Exponential: The Big Ideas

This week I have been participating in Exponential in Orlando. It has been a four day experience filled with all sorts of big ideas. I have never participated in Exponential before and purposely built it into my schedule because many of the speakers and presenters were people I have not heard from in a conference or seminar format before. As well, I really enjoyed having a ton of smaller workshops built into the mix of things where you could interact and learn from practitioners. While I am pretty sure this was a one time deal for me, it was a rich experience.

The theme of the event was “transformation: it starts in the heart of one.” I wanted to share some of the big ideas I heard that if taken to heart, embraced and practiced have the potential to unleash a fresh kingdom revolution. I am also grateful that I am staying in Florida for a few days to unwind, decompress and think through some of this stuff. My usual practice has been to jump right back into the work and this is the first time I can remember actually blocking out the time and space to process some of the stuff.

Batterson, Chandler, and Chan: Before the event started, I participated in a pre-conference seminar led by Mark Batterson, Matt Chandler and Francis Chan. I greatly appreciated the way these guys openly shared with us. Matt and Francis are going through some really challenging life situations right now and they were open and authentic with us.

“Most people have not made a decision to follow Christ; they have asked Christ to follow them.” (Batterson)

My take on this is that there is a big difference between asking Jesus to follow us into the world (into the places we live, work, play and learn) and actually following Jesus into the world. Many of us (myself included) are committed people of faith and we truly welcome and desire Jesus’ presence in our everyday life. We want to glorify God in our everyday, ordinary lives. But what would it look like if we actually asked Jesus to lead us into the world. Where do you want me to go today, Jesus? Where should I live, work, learn and play? What if we actually gave Jesus the permission to set the agenda for us as opposed to asking Jesus to bless our agendas?

Three big ideas from Matt Chandler:

  1. Whatever you are teaching, even if it is moral, right and true must come through the lens and centrality of the Gospel.
  2. The study of Scripture without the intention to apply its truths is a frightening thing.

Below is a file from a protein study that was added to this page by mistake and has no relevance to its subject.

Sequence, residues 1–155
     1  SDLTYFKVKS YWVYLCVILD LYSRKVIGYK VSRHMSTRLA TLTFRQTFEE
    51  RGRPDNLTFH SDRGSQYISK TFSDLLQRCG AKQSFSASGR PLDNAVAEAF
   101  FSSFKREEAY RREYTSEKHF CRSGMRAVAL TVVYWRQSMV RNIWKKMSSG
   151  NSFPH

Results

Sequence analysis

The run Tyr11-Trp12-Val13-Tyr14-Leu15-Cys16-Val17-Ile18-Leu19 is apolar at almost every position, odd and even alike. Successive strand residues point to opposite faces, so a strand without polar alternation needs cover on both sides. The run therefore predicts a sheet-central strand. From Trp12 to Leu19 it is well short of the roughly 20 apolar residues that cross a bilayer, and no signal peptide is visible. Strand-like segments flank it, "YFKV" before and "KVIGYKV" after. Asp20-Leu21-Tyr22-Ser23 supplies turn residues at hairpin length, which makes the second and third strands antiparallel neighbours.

3. What you don’t like about your church is most likely what you don’t like about yourself.

Matt’s teaching was wrapped around the centrality of the Gospel. he talked about the Gospel on the ground (God, Humanity, Christ, Response) and the Gospel in the air (Creation, Fall, Redemption and Consummation). These are the two sides of the Gospel and both are found in the Scriptures. Matt reminded us that there is a time and place for both expressions of the Gospel and that we should allow the texts we are teaching on lead us toward the most appropriate expression. He also reminded us that most teachers/preachers lean more heavily toward one or the other approaches. I am definitely a Gospel in the air kind of guy and love the whole narrative of salvation history and its communal and missional dimensions. Be on the lookout for a few more Gospel on the ground messages.

Francis Chan dropped the biggest bomb on us. He told us that on Sunday we had announced to his congregation that he is stepping down from his role as pastor of Cornerstone, a church he founded 16 years ago. Francis and his wife have discerned a call to step out in faith and follow the leadership of the Spirit. They are unsure of where that might be although Francis believes it most likely will be into a large urban area like the inner city of LA. Kind of wild to consider walking away from a very successful church and ministry into the unknown to you but known at this point only by God. You can learn more about Francis’ transition here.

Three big ideas from Chan:

  1. If Jesus says to do something, we don’t actually do it – we just memorize it.
  2. If I arrived in America after being on an island with just a Bible, I don’t think the first thing I would do is to start a Sunday worship service.
  3. Do we as leaders calm people down or spur people on to love and good works?

Chan’s last statement reminded me of words I heard years ago from Michael Slaughter who described the task of leadership as finding a spark in people’s life and throwing gas on it. Ken Blanchard said something similar at Exponential with these words: “some churches say we can do, it you can help – others say you can do it, we can help.”

Those are just some of the big ideas I picked up from the pre-conference expereince. More to come in the days ahead.

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